on neglected topics in marginalized communities: I think communities should talk more about our passions and talk about how we can help one another make our dreams a reality. I think pride can get in the way of our success sometimes. There have been times I did not want to look weak cause I needed help. But my fear of asking is what actually made me weak. I don’t think any success worth having can be achieved alone. I am a strong advocate for collective powers. Work produced out of a collective effort is more impactful. It’s important you surround yourself with like-minded folk who believe in what you’re doing and will push you to be your absolute best. I rather cultivate a garden with others than just myself. It can be stressful sometimes but in my experience I have found it to be worth it in the end. I know this from experience and because my family also believed in it. My grandparents art gallery wouldn’t have existed or had an impact without the collective effort of my family and community that supported it. My family instilled preached “ If you want to go fast, go alone; but i f you want to go far, go together.” I hold that African proverb very dear to my heart now that I am older.
on reframing the stereotypical identity: I believe that individually and collectively we must commit ourselves to producing work that defies stereotypical identities. We can do that on our own and with others. I do not think we can rid everything that promotes stereotypical identities. But, we can outnumber such negative work with positive work that does our experiences justice. That is how we can reframe the ways we are acknowledged and portrayed by others.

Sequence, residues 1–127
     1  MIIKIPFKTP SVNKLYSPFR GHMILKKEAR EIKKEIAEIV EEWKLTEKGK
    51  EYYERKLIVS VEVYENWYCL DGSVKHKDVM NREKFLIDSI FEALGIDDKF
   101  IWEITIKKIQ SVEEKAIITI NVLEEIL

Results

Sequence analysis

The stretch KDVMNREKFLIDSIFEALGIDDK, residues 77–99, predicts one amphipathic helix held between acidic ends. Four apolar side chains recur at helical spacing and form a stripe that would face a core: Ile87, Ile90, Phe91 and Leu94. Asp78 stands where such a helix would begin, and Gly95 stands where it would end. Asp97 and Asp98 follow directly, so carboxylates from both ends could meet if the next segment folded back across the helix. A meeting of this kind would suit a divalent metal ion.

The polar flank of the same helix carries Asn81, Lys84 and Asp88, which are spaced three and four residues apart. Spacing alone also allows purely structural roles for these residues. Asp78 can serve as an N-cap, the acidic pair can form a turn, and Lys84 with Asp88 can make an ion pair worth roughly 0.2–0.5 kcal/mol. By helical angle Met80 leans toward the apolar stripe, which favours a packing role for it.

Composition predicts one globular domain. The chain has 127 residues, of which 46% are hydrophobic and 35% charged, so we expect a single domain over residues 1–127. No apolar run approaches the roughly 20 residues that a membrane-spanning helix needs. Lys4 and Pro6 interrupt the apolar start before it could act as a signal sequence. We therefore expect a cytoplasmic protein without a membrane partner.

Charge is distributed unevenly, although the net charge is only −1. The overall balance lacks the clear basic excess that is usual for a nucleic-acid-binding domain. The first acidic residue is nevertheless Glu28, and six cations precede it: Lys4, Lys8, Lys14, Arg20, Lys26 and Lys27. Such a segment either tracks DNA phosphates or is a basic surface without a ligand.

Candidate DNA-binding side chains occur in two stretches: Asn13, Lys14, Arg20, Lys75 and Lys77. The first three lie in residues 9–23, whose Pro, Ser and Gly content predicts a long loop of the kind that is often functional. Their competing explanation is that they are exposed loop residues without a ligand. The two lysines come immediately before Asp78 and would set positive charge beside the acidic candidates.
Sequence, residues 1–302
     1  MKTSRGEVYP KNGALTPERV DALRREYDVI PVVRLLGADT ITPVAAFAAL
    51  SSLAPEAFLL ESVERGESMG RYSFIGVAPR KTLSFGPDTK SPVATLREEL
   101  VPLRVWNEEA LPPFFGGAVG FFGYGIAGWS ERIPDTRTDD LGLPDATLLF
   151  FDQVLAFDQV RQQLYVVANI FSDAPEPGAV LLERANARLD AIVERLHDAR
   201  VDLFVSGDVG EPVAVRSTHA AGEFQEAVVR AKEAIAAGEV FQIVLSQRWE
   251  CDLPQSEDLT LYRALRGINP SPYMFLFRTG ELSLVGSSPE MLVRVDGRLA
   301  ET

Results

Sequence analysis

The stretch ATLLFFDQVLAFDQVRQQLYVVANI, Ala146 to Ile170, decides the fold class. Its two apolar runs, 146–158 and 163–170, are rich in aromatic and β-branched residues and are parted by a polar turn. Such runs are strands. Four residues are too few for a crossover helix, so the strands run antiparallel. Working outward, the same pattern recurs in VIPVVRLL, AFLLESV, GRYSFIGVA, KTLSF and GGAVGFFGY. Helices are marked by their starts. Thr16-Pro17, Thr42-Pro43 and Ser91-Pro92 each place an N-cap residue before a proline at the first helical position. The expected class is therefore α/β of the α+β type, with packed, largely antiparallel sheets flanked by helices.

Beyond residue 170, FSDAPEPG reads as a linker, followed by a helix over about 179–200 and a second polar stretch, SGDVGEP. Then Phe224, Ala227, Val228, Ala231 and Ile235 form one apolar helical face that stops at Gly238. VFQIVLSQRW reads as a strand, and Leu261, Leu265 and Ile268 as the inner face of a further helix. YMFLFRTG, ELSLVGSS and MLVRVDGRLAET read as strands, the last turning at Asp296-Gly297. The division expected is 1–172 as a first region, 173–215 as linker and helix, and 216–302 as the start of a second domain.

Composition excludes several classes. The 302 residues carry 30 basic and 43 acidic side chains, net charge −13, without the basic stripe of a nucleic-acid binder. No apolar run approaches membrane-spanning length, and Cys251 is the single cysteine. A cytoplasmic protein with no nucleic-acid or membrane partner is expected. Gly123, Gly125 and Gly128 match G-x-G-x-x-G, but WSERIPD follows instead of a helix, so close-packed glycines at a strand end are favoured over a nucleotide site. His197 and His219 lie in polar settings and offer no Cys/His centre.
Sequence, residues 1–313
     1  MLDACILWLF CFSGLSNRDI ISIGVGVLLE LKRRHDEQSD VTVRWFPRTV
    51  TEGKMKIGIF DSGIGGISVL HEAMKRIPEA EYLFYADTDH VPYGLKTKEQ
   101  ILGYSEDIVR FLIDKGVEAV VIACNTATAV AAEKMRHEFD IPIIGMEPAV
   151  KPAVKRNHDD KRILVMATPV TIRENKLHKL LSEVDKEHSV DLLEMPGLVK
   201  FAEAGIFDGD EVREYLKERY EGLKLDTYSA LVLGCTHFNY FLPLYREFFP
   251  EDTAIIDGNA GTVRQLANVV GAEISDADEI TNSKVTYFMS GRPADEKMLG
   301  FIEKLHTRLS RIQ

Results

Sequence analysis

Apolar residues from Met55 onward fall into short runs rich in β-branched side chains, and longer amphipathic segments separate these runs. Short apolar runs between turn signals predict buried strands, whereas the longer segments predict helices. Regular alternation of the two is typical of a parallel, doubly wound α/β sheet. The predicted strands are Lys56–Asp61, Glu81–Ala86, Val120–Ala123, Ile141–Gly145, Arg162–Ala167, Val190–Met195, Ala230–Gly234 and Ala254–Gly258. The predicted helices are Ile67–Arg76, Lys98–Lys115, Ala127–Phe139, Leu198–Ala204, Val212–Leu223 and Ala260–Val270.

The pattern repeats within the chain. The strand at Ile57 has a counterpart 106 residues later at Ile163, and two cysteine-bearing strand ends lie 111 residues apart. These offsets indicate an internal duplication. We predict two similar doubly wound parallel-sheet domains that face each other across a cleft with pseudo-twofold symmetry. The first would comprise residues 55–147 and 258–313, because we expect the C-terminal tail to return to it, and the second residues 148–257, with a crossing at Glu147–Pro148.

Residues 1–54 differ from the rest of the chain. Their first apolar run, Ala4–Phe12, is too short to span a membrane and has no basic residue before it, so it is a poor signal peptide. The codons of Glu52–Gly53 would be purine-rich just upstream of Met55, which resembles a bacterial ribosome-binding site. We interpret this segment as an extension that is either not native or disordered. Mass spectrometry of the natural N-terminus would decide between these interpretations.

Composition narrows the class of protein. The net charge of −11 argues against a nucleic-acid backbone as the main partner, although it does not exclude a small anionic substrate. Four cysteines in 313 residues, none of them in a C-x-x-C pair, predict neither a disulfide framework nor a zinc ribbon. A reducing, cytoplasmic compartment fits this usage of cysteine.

on self-care and vulnerability: I was not able to fully engage with my own self-care until I understood that what works for someone else may not work for me. You have to be vulnerable with yourself to figure out your own self-care regimens. In that vulnerable state you should feel uncomfortable. Once you recognize and acknowledge that lack of comfort I think that’s how you find ways to produce comfort. There are some days where I am okay with being vulnerable and there are times where I am not. It’s an everlasting journey and you just have to find things to keep you motivated. For me, music is a essential to my self-preservation. I do everything along to the beat or melody of something. I also use music to help convey a particular mood in a photograph. Sounds are essential in the production of my aesthetic. I want my photography to feel like music. Lately I’ve been referring to the O’Jays, Maze & Frankie Beverly, Eddie Kendricks, Ashford & Simpson, Nina Simone, Luther Vandross, Isaac Hayes and many others to help produce the warmth embraced in my photos. I also practice self-care is through writing. Since December of last year I’ve carried a small journal everywhere I go. I’ve lost a few while traveling but I still have some and it’s interesting to go back and see where I have been mentally and emotionally. Everyone should build an archive of themselves. It is important you give yourself something to look back on. I also listen to a lot of podcasts. Some of my favorites are Black Girl in Om and Gettin’ Grown .